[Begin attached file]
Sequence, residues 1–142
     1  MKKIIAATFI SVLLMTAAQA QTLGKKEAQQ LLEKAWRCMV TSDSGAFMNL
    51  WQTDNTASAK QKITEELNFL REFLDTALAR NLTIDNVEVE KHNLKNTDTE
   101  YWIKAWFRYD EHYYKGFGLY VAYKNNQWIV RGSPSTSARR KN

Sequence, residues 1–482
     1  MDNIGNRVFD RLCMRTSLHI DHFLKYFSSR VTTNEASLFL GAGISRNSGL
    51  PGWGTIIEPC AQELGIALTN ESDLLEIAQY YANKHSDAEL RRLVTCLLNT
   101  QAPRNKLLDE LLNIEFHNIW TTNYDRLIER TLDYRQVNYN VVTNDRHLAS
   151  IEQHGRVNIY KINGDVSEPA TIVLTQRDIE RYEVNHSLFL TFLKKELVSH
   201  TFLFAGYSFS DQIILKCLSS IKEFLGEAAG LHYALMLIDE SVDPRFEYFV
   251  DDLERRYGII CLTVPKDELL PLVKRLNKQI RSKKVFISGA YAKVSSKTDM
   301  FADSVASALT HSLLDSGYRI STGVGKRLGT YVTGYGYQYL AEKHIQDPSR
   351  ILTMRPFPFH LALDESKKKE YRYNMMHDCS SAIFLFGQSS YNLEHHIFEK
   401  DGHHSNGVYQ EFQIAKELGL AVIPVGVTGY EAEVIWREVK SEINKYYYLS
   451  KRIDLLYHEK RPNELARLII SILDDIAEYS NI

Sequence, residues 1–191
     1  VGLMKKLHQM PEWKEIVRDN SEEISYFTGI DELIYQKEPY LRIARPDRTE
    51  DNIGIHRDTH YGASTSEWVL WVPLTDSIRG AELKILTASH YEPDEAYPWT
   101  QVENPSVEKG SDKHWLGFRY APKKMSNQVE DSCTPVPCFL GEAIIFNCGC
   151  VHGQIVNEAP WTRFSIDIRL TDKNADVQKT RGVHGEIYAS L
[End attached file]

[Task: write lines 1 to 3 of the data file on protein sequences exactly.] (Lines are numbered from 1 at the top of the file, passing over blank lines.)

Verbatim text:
Sequence, residues 1–142
     1  MKKIIAATFI SVLLMTAAQA QTLGKKEAQQ LLEKAWRCMV TSDSGAFMNL
    51  WQTDNTASAK QKITEELNFL REFLDTALAR NLTIDNVEVE KHNLKNTDTE